Gabe Brown (00:04:16):
Sure. The ranch that my wife and I and son have today was started by my in-laws back in 1956, and they farmed it in the industrial model. In other words, they used a lot of tillage. They would till repeatedly each year before they would seed crops. The crops they seeded were all monocultures, primarily spring wheat or oats or barley. They would use chemicals, synthetic chemicals both as fertilizer and as herbicide to spray weeds. And in their grazing system, they put their cows on a pasture and left them there throughout the growing season. And then they’d bring them home and feed them hay all winter. And that’s kind of the current industrialized commoditized type mindset, you grow commodities.

Gabe Brown (00:05:08):
And one of the things about me is I was born and raised in town, I wasn’t from a farm or ranch. So I took a vocational agriculture course in the ninth grade in junior high, and I really, from that first class, I was just infatuated with agriculture. And so I went to college to study agriculture at a state land-grant college, which taught us these industrialized methods. How more or less that the soil is nothing but a chemistry set. You add nitrogen, phosphorus, potassium and these trace elements. You spray for weeds. And you try and impose your will on nature is more or less what it was.

Gabe Brown (00:05:51):
But I always have an inquisitive mind and I could just see, I was like, well, why do we till? Because my father-in-law who in 19… I’m an age myself, but ’83, 1983 after graduating college, my wife and I moved back on to her parents’ ranch. They had three daughters. And so I was the only one interested in agriculture, so they asked us if we’d want to farm.

Gabe Brown (00:06:16):
We moved back to the ranch, and I remember my father-in-law in the spring saying, “Okay, we’re going to go out and till the soil in order to dry it out so that we can plant our crops.” Well, that never made sense to me. We only get 16 inches of total precipitation a year, and then come July would be praying for rain because it was too dry. It just didn’t make sense.

Gabe Brown (00:06:37):
So in 1990, the winter of 1993, 94, I had read about no-till that it just made sense to me. Why do we want to till the soil and lose that precious moisture? Why do we want the soil prone to wind erosion and water erosion? So I sold all my tillage equipment and went a 100% no-till. Because I was given the advice, “Gabe, if you’re going to go no-till, sell all your tillage equipment, then you’re never tempted to go back.” So I did that. I was totally committed. And this ranch has not seen any tillage since 1994. Even our garden is no-till.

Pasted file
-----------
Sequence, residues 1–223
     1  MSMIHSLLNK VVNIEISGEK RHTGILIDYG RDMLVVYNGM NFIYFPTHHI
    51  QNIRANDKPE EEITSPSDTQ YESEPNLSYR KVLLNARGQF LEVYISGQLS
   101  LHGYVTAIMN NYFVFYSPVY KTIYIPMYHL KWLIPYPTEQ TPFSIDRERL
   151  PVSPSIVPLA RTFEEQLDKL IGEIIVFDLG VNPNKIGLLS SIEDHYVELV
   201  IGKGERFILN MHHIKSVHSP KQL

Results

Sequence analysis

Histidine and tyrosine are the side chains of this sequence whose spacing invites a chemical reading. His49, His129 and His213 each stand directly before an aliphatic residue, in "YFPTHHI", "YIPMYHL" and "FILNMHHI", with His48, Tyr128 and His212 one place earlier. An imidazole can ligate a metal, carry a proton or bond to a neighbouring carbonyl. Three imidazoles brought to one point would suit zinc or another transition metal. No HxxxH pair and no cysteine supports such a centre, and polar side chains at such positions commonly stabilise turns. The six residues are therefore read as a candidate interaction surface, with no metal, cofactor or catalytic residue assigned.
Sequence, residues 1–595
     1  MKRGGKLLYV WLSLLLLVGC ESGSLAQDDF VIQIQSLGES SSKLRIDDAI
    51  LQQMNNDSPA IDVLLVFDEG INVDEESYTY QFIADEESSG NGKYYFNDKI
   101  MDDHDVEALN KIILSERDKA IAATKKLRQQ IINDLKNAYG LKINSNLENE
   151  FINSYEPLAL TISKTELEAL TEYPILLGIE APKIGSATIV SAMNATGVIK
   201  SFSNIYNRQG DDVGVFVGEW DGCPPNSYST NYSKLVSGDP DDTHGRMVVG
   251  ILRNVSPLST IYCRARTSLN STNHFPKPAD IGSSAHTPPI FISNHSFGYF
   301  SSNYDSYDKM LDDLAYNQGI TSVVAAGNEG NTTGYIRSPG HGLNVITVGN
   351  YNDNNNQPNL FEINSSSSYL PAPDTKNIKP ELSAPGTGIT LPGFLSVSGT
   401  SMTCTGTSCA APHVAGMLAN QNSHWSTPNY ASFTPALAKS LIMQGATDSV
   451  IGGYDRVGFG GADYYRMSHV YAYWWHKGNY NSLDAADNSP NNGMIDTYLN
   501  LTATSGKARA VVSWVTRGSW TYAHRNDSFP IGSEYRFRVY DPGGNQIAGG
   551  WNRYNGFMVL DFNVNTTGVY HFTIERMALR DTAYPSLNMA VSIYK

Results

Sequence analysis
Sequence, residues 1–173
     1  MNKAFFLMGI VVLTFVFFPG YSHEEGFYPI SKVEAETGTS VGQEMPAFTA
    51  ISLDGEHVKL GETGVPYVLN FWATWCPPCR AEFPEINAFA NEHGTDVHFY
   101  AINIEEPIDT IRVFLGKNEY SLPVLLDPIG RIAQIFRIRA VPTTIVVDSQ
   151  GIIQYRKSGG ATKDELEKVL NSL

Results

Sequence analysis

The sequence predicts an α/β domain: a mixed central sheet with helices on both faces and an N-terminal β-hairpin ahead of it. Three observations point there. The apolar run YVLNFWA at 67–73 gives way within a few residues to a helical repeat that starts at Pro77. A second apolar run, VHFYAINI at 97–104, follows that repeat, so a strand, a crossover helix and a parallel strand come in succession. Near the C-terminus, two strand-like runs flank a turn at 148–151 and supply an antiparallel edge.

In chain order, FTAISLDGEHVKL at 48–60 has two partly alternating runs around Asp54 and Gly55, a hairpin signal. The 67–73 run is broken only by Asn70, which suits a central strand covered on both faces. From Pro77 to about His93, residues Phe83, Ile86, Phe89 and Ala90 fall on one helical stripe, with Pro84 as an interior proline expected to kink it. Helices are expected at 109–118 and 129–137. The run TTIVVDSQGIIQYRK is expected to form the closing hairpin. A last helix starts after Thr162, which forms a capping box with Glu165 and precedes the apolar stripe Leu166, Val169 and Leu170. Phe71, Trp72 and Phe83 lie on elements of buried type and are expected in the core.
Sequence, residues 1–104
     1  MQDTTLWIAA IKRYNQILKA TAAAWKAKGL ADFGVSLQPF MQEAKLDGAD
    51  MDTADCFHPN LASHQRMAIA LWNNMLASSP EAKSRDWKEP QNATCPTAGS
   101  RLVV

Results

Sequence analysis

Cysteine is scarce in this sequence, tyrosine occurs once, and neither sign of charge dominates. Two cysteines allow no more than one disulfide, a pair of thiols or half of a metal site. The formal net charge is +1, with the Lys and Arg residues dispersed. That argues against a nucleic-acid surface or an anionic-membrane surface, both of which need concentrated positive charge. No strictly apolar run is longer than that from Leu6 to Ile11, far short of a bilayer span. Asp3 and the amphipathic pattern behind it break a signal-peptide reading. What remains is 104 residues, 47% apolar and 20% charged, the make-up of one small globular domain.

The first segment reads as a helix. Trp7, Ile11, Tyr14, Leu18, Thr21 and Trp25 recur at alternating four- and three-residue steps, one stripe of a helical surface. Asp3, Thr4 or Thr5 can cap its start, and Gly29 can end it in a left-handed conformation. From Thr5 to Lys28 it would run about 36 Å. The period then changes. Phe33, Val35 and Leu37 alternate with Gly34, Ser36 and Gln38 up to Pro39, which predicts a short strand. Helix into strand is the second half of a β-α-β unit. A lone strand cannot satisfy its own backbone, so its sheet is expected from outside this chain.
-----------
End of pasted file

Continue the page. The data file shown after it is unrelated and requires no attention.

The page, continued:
Gabe Brown (00:07:17):
And I want to get into that later because that’s one of the critical mistakes anyone with a garden makes, most of the people they go out and till the garden.

Dr. Mark Hyman (00:07:25):

Gabe Brown (00:07:26):
Well, if you learn how soil functions and how soil works, it’s all this biology in the soil and the mycorrhizal fungi that transfer the nutrients throughout the soil profile, and the biology is feeding the plants. And it’s that biology and that transfer of nutrients that gives the plants all those compounds, these biochemical compounds, that it needs for health, and then in turn that we need for health. So if we till the soil, we’re destroying that home for biology, where water is not able to infiltrate and the biology no longer have a home to live. It’s one of the worst things we can do for our own health, is when we till.

Gabe Brown (00:08:08):
I went no-till in 1994. I started to diversify the crop rotation, add different crops. Above every acre, period, on this earth, there’s approximately 34,000 tons of atmospheric nitrogen. Why any farmer would want to write a check for synthetic nitrogen is beyond me. All we got to do is use nature’s principles, plant legumes, in other words, peas and clovers, et cetera, and take that nitrogen out of the atmosphere through rhizobia converted into usable form.

Gabe Brown (00:08:44):
Well, [crosstalk 00:08:46]-

Dr. Mark Hyman (00:08:46):
And by the way, there’s 400 billion pounds of fertilizer used around the world every year, which pollutes all our waterways, kills all the fish in the rivers and oceans, increases nitrous oxide in the atmosphere that is a huge contributor to greenhouse gases. And to make the fertilizers about one or 2% of our total global energy consumption, mostly from fracking, which releases huge amounts of methane. So it’s just a complete catastrophe, and you’re saying that actually the plants can take the nitrogen right out of the air.

Gabe Brown (00:09:17):
Yep. Well, let me give you this as a reference point. If you take a plant, any plant, whether it be a tomato in your garden, a carrot, a stock of corn, any plant, you cut it off and dry that plant out, and then you take what’s left, that remaining dried plant, and you have it analyzed, approximately 97% of what’s left is carbon, oxygen, hydrogen and nitrogen. What do those four elements have in common? They’re all in the atmosphere and they don’t cost us anything. Yet what do farmers and ranchers want to do? They want to write checks for that. And we want to use all these synthetics. That makes no sense, no sense at all. You know, who’s out fertilizing the forests? Who’s out fertilizing these vast rangelands that we have? No, it’s nature taking course.